Drug provides superior ocular allergy relief

March 1, 2005

Manhasset, NY—In a head-to-head clinical study, olopatadine (Patanol, Alcon Laboratories) demonstrated statistically significant superiority over epinastine (Elestat, Allergan) for relief of itching, redness, and chemosis associated with allergic conjunctivitis, according to Peter D'Arienzo, MD.

Olopatadine proved superior for each of the endpoints evaluated in the study. The two agents exhibited similar efficacy with respect to itching at the first time point after allergen challenge, but olopatadine was superior at the two later evaluations. Olopatadine was more effective at all time points with respect to reducing redness and chemosis or conjunctival edema.

"Both drugs are in the same class," he said. "Both are multiaction allergy drugs that have antihistamine activity and some mast cell stabilizing properties, as well. This is better than comparing a combination drug with a drug that is solely an antihistamine or a mast cell stabilizer. The results showed that olopatadine is a superior drug to epinastine."

Originally approved in 1996, olopatadine is indicated for treatment of all signs and symptoms of allergic conjunctivitis, Dr. D'Arienzo and his co-authors note in an article published in Current Medical Research and Opinion. Unlike some of ocular antiallergic drugs that were originally developed for rhinitis, olopatadine was initially developed for ophthalmic use. The agent combines an H1 selective antihistamine with a human ocular mast cell stabilizer that inhibits the release of histamine and other pro-inflammatory mediators. The agent has demonstrated safety and effectiveness in multiple studies involving twice-daily administration.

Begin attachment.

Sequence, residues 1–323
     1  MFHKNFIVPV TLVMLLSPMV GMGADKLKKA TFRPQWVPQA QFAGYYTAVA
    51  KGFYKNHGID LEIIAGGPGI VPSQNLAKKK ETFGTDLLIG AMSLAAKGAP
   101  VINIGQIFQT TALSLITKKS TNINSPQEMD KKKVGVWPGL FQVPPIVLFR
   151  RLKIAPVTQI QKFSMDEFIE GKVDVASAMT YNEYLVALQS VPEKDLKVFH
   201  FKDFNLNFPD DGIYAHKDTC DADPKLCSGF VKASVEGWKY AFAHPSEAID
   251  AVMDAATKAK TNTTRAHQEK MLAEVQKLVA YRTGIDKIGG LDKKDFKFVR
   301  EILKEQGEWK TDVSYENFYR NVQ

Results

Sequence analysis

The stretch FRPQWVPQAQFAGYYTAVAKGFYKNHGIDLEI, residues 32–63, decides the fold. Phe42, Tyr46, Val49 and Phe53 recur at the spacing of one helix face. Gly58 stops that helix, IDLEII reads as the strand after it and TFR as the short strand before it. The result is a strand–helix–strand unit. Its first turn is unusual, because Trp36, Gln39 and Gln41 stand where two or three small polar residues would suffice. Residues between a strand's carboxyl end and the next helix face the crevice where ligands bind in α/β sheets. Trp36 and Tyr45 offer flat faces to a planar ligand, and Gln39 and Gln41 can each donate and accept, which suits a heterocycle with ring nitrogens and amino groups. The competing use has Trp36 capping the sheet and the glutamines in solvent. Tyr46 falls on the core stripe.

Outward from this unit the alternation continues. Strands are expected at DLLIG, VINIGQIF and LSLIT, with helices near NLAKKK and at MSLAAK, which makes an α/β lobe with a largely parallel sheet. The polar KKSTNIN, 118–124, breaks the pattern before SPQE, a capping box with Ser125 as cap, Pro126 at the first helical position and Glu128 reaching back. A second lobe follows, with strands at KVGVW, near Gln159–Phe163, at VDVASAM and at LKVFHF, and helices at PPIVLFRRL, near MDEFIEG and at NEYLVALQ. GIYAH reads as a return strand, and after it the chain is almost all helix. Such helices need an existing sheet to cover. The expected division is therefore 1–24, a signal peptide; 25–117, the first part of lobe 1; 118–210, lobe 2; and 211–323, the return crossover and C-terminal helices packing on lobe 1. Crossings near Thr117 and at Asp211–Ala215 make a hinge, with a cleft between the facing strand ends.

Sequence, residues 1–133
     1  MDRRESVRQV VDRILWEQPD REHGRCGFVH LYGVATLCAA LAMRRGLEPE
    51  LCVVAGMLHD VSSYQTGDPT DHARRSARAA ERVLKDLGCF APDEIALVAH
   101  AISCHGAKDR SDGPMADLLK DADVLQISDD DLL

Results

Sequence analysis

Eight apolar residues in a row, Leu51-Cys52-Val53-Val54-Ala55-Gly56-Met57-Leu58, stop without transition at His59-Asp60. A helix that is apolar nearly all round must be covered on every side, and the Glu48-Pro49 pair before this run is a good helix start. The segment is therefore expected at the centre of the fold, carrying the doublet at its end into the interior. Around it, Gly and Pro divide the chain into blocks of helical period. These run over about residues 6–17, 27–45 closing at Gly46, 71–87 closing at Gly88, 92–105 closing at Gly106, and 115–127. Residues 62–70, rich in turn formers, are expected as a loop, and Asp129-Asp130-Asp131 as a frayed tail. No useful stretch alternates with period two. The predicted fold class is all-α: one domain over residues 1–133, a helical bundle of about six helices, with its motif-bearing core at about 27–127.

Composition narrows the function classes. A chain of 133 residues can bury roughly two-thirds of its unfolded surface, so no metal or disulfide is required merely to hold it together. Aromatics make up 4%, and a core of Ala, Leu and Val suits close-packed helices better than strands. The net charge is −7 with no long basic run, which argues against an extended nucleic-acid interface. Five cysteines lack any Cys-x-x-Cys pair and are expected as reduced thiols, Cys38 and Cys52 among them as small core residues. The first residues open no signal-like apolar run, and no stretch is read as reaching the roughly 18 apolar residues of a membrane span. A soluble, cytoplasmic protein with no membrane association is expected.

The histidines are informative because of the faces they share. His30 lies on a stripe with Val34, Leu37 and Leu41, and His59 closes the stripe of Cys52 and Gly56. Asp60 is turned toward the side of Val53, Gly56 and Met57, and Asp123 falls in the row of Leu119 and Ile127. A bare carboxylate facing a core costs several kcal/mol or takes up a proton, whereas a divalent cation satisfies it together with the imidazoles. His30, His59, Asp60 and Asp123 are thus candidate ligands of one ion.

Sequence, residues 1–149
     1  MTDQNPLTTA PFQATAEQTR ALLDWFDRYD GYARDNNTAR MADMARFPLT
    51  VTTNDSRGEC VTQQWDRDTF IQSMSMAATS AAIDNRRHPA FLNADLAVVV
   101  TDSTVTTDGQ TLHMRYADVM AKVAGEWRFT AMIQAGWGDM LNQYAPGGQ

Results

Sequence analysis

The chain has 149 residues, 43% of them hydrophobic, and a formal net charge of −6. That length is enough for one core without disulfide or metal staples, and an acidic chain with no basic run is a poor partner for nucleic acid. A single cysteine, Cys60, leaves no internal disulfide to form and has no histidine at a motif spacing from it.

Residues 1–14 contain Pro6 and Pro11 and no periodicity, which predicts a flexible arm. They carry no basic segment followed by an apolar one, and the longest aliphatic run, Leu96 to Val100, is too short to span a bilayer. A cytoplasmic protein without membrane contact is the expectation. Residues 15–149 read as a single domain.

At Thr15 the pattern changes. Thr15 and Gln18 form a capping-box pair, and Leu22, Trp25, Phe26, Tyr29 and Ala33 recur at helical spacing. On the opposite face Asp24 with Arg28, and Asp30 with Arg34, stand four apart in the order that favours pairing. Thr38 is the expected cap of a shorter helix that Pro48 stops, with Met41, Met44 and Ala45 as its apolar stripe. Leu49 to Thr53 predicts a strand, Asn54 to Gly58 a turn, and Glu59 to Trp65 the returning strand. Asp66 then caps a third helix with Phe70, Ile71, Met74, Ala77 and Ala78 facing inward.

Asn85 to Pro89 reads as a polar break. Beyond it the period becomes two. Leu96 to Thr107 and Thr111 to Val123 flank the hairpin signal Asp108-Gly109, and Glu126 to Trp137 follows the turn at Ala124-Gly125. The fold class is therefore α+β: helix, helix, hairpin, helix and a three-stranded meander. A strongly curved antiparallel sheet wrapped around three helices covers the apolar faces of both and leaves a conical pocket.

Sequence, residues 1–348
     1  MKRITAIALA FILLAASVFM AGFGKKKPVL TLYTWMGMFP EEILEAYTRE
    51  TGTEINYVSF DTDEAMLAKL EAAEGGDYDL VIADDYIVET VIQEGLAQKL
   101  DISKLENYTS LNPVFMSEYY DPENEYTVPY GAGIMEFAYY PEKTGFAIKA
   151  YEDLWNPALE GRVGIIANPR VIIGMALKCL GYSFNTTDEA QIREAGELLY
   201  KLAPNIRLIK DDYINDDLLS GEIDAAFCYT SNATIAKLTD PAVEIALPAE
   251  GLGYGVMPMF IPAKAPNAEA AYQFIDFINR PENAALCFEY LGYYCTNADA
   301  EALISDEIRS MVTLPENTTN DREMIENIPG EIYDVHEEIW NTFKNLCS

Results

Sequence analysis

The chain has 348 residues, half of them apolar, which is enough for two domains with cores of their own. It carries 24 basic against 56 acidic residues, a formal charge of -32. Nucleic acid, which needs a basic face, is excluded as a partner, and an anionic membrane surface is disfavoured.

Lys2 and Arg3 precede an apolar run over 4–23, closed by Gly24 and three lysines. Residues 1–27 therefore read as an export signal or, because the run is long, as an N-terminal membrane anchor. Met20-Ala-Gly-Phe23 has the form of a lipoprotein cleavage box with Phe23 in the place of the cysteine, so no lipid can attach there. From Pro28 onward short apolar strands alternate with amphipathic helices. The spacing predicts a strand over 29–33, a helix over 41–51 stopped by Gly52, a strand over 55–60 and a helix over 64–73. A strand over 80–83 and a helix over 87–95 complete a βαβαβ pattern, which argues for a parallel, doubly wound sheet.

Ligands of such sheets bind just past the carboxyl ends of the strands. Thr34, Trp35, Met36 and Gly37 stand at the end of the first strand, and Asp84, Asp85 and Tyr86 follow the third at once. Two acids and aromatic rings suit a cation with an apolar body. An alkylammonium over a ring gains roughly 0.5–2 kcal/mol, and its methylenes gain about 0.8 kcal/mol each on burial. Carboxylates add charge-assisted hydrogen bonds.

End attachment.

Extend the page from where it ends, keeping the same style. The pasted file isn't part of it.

Initially approved for treatment of rhinitis, epinastine received approval in the United States in 2003 for treatment of allergic conjunctivitis. Epinastine is indicated for the prevention of itching associated with allergic conjunctivitis. Epinastine combines a direct H1 receptor antagonist and an inhibitor of histamine release from the mast cell. The anti-itching efficacy of the drug was demonstrated in the CAC model.

According to Dr. D'Arienzo and his co-investigators, the CAC model uses standardized allergen extracts and grading scales to create a precise and reproducible ocular allergic reaction. The model has proven invaluable for the development and selection of antiallergic agents and their optimum concentrations. The model has been used to conduct comparative studies of effects of ophthalmic, nasal, and systemic antiallergic drugs on outcomes that have included efficacy, comfort, and onset and duration of action.

The current study involved 66 patients who had a history of ocular allergies and who responded to CAC on two separate visits. A slit lamp exam was performed to exclude patients who had conjunctival redness or itching in either eye at baseline. The patients were not allowed to use any other topical ocular medications or any systemic medications that could affect the outcome of the study.

CAC was performed bilaterally using an allergen to which the subject tested positive in a skin test. The allergen concentration was increased until a positive reaction was elicited bilaterally. Itching was evaluated by the patients using a standardized scale that ranged from 0 (no itching) to 4 (severe itching). Redness and chemosis were evaluated by the treating physicians using a standardized scale of 0 (none) to 4 (severe).